Risk, Lending and Damage Control in the Building Industry
By Conjoint Professor Kim Lovegrove, FAIB, Partner of Lovegrove, Smith & Cotton and President-Elect of the Northern Chapter of the New Zealand Institute of Building
The building industry is fraught with perils for the uninitiated – lenders included. Together with labour issues and the proliferation of entrepreneurs and speculators you can find yourself swimming with Sharks if you are not careful.
The first rule of thumb for the lender is to do lots of due diligence on prospective clients, drilling into their history and determining their track record for delivery. The following questions need to be asked:
Have your prospective clients ever been insolvent?
What is the building quality like, and does the developer have a reputation for finishing on time and on budget?
Does the developer team up with reputable established builders and contractors?
The developer may be sound, for example, but if he/she uses builders that don’t have a good track record then things may not augur well.
Risk has a lot to do with the Contracting Model
The lender’s risk is governed partly by the type of contract. There are many contracting vehicles in the construction industry, such as:
- Cost plus;
- ‘D and C’, i.e. design and construct;
- Construction management; and
- Fixed-price contracts.
Cost plus is what it suggests, the cost plus a builder’s margin. This type of contract should be anathema to the lender as there is no certainty and plenty of opportunity for price blow out. It’s great for the contractor and lousy for the principal.
Lenders generally seek to provide finance on a fixed-price basis and within a fixed time period. Time certainty can be as important as price certainty; delayed completion can change overnight and the equity in a project can be wiped out very quickly in a downturn. Certainty is paramount because uncertainty equates with risk.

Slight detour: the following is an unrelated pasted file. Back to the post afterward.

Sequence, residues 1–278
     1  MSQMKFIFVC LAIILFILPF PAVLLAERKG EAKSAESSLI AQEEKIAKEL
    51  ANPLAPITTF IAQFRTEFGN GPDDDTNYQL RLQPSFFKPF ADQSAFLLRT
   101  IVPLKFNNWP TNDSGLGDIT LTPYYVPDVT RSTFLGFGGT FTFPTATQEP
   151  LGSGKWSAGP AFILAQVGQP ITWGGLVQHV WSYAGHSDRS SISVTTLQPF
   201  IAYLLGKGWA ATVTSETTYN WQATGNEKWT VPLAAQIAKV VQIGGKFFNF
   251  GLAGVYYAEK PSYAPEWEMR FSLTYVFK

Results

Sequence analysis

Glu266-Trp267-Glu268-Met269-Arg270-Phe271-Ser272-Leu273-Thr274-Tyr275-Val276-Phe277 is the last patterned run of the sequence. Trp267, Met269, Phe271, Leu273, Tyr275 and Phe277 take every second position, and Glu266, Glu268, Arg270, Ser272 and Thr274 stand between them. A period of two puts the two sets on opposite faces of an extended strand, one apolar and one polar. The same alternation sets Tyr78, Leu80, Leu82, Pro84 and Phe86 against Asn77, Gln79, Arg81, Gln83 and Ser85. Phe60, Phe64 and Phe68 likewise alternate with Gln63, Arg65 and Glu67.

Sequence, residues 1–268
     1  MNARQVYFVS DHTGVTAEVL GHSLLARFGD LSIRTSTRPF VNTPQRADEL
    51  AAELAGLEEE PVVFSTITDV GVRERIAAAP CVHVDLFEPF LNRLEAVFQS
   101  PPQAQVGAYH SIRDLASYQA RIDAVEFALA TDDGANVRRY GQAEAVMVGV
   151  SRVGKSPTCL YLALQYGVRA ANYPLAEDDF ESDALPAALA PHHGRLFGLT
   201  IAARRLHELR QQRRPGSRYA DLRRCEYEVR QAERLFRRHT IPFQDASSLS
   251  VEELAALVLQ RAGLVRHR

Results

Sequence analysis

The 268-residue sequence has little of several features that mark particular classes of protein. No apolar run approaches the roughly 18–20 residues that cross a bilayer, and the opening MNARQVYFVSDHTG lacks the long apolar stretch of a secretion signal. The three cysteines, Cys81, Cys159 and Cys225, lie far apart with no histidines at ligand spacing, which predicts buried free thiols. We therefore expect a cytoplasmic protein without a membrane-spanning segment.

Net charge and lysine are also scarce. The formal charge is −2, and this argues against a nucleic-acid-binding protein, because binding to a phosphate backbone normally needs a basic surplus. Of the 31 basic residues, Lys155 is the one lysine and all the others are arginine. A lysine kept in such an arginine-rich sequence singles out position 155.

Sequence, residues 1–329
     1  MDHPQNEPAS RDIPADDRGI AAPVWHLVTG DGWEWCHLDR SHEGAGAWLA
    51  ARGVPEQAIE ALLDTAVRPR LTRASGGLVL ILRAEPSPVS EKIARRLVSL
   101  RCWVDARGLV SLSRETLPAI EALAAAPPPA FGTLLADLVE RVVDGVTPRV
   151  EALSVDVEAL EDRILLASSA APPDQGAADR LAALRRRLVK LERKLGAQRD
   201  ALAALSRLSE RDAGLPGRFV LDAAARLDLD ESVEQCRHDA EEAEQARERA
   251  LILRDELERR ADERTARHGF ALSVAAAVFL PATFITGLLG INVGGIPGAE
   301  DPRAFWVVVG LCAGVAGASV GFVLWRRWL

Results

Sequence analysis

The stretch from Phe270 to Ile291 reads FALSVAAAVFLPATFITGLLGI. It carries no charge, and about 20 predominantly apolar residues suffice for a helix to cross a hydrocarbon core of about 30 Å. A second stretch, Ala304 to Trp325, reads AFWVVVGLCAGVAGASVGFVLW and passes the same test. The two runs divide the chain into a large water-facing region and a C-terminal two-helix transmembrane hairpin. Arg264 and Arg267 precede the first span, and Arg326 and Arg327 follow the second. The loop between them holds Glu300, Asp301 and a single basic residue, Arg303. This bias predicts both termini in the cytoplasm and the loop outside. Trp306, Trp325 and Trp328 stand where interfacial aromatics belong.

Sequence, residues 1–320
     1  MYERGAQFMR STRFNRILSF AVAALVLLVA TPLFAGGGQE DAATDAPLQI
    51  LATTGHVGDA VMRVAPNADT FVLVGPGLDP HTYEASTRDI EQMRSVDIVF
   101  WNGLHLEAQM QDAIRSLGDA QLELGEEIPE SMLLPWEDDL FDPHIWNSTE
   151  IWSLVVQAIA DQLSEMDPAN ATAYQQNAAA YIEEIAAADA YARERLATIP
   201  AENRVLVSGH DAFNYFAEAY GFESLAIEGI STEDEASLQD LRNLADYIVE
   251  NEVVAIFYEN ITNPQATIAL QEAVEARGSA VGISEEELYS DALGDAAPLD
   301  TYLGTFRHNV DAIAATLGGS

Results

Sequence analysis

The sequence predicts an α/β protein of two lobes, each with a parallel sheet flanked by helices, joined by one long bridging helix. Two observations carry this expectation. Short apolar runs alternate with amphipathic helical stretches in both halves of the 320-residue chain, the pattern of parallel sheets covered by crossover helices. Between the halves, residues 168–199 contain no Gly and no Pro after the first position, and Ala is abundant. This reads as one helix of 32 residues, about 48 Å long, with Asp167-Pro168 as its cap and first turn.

Lowest Quote often = Highest as-built Cost!
The lowest quote can often translate into the highest as-built cost. Building costs are currently very high, it’s an expensive process and the margins are low, particularly on the larger jobs where builders are often operating on a 3 per cent margin.
Naïve or inexperienced builders often underquote and the contract invariably goes off the railes. If a builder can’t complete a project the cost to complete often escalates by at least 40 per cent. In some cases, law firms have acted for insurers, where the builder went into liquidation leaving 3 multi-million dollar, multi-unit developments half completed. The completion costs blew out by 100 percent. So be aware that an unrealistically low quote is a bad omen.
Avoid Home-grown Contracts
The lender should always have a say in the type of contract that the developer enters into with the builder. As a general rule, standard industry contracts such as Standards Australia or MBA and HIA contracts should be used. Purpose-built contracts that are tailored by ‘on the ball lawyers’ for their builder clients should be avoided like the plague. The party providing funds calls the shots, and nothing gets off the ground without money. So, as a condition of lending, the lender should insists upon the use of recognised standard industry contracts.
Make Sure Your Tripartite Agreements Marry
Lenders like to, and should, tie up builders and developers on tripartite agreements. The tripartite agreement is designed to permit the lender to step into the shoes of the developer if the project goes off the rails. It is a rare thing indeed to find a tripartite agreement that marries with the head contract i.e. the contract that the developer enters into with the builder.